I think it's very interesting that this author downplays the "vestigial" nature of the appendix in certain primates. However, I think he's using a misleading definition of vestigial. As you suggested, it depends on the lineage - and the diet to which they are adapted. For instance, colubine monkeys (old world), are primarily folivores and have developed a foregut digestive system - completely doing away with an appendix, which the lineage never developed (although it does have a caecum). Another major lineage of folivorous monkeys - the Cebidae (new world) - are hindgut fermenters and have only a caecum. Great apes appear to be the only lineage of primates that have developed an appendix. (see, for example, BANR 2003, "Nutrient Requirements of Non-Human Primates", NAP, ppg 22-26). In humans, out of all the hominins, the appendix is highly reduced, probably related to the change in diet when our ancestors left the forest for savannah in the Pliocene. Although still serving a dietary function in the great apes, the only apparent function in humans is as a small part of our immune system - IOW a coopted function, which is my definition of vestigial.

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Quetzal
Member (Idle past 5980 days)
Posts: 3228
Joined: 01-09-2002


Message 121 of 200 (309024)
05-04-2006 11:27 AM
Reply to: Message 120 by AdminJar
05-04-2006 10:23 AM


Re: Topic Folk
Sorry. How about I add, "Unlike the anthropoids noted above, folivorous birds like the hoatzin have never developed an appendix. Hoatzin digestive systems use a fermentation sack in the foregut similar to the rumen of even-toed ungulates. Although fossil evidence of archosaurian herbivore digestion is limited to non-existent, modern folivorous reptiles such as the iguanids and a few turtles are all hind-gut fermenters relying on a cecum for digestion. Since the vast majority of modern birds, whether fructivores, insectivores, nectarvores or opportunistic omnivores do not posess either appendix or caecum, we can probably conclude that if birds developed from dinosaurs, then they derived from a non-herbivore lineage rather than an archosaur. This lends some further evidence to the dromaeosaur origin of birds - a lineage which includes Archeopteryx."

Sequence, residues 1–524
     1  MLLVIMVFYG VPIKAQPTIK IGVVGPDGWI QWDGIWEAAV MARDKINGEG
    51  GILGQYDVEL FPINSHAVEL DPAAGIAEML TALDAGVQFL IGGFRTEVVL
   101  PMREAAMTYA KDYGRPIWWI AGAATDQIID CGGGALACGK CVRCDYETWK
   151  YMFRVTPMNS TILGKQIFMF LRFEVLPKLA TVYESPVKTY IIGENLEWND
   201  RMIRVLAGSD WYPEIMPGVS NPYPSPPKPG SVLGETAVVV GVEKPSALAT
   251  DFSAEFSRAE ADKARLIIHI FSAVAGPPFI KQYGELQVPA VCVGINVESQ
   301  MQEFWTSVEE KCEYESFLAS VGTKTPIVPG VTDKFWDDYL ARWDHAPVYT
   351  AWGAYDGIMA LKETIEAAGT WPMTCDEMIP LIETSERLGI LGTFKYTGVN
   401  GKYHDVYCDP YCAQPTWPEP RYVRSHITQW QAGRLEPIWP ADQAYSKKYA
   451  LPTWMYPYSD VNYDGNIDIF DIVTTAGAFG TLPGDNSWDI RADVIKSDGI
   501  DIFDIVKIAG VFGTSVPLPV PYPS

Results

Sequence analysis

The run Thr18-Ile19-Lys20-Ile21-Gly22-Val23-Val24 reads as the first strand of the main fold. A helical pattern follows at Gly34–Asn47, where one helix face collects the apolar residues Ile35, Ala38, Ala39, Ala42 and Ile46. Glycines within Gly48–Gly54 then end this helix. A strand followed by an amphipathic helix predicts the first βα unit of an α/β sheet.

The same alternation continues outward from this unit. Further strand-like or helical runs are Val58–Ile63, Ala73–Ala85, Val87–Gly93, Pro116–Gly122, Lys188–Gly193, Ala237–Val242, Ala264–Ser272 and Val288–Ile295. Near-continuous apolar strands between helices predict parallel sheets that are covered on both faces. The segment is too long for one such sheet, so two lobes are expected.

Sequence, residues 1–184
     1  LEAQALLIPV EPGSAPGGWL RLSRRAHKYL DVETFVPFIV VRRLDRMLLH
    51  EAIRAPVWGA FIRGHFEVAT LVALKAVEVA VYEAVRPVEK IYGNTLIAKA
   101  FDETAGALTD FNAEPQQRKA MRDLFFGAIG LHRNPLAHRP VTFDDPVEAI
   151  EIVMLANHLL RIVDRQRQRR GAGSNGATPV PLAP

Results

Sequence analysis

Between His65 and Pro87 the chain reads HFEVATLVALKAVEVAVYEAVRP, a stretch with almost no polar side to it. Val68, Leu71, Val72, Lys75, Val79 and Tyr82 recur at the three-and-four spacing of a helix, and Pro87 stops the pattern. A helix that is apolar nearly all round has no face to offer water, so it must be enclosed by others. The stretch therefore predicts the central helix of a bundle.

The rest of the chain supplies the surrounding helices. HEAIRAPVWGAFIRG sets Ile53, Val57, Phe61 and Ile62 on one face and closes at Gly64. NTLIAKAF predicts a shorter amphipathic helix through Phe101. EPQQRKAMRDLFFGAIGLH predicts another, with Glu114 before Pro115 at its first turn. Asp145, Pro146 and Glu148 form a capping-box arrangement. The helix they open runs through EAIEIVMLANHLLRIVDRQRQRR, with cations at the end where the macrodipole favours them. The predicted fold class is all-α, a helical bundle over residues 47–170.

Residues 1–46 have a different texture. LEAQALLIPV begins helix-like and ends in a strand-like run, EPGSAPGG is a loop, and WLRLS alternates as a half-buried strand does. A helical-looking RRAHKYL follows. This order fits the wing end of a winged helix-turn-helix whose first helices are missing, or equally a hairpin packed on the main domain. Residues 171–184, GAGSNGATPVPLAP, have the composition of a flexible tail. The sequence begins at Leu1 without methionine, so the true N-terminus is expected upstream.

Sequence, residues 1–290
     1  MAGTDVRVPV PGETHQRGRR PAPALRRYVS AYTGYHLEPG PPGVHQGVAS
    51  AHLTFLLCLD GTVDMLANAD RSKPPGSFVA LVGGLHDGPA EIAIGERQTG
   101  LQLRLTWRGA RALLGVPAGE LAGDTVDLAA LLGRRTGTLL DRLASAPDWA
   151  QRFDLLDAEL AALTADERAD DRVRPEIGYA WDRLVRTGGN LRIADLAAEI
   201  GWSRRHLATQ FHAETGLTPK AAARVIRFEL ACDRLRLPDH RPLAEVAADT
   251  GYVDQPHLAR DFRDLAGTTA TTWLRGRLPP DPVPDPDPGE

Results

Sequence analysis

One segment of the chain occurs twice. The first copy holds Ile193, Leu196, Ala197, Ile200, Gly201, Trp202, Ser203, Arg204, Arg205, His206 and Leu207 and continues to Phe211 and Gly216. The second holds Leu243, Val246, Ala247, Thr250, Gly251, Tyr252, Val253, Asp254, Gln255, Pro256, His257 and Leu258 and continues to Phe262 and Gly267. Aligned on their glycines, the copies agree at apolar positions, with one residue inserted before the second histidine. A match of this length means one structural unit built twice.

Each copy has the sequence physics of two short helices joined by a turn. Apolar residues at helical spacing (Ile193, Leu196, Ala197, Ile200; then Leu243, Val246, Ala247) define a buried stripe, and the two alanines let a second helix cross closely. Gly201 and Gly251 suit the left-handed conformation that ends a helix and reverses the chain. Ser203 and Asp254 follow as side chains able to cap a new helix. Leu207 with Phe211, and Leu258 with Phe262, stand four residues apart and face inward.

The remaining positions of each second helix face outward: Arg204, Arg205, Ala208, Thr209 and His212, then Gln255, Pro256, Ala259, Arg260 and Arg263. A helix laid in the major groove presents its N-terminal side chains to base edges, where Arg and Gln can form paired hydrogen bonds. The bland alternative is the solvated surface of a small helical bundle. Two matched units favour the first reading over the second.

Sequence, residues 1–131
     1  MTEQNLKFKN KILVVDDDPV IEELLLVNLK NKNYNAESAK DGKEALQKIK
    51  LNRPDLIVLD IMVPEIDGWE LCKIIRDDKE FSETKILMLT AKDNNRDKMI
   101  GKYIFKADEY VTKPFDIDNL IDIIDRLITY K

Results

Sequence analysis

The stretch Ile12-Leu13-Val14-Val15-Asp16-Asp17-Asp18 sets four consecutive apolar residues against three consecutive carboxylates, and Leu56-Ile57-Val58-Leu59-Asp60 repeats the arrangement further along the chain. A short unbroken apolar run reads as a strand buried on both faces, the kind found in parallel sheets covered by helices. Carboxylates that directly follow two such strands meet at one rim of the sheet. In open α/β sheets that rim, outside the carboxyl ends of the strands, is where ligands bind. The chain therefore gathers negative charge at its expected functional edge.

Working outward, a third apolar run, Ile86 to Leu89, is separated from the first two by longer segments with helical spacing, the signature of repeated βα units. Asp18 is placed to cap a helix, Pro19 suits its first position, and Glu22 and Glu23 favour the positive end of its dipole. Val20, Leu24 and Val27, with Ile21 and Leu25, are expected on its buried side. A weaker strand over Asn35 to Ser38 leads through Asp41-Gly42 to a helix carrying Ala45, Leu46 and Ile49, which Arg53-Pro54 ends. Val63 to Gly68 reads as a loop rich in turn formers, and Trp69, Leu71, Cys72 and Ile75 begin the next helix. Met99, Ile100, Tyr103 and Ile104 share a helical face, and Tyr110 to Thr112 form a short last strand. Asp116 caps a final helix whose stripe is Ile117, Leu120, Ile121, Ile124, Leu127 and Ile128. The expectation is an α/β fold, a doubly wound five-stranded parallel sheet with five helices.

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Replies to this message:
 Message 123 by arachnophilia, posted 05-05-2006 1:19 AM Quetzal has replied

  
Quetzal
Member (Idle past 5980 days)
Posts: 3228
Joined: 01-09-2002


Message 127 of 200 (309335)
05-05-2006 8:54 AM
Reply to: Message 123 by arachnophilia
05-05-2006 1:19 AM


Re: Topic Folk
I know. I was just trying to be a smart ass. Guess it didn't work.
This message has been edited by Quetzal, 05-05-2006 08:55 AM

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Quetzal
Member (Idle past 5980 days)
Posts: 3228
Joined: 01-09-2002


Message 160 of 200 (347664)
09-08-2006 10:23 PM
Reply to: Message 149 by Someone who cares
09-08-2006 9:31 PM


Re: the great Archaeopteryx hoax
Please understand, there are certain creatures with features of several groups of animals, like the platypus is a bird that feeds like a mammal, it has bird and mammal characteristics, that doesn't make it transitional.
You didn't really just claim that platypus are birds, did you?
abe: I see Dr. Jones beat me to this one. Hey, at least it shows people are reading your posts...
Edited by Quetzal, : No reason given.

This message is a reply to: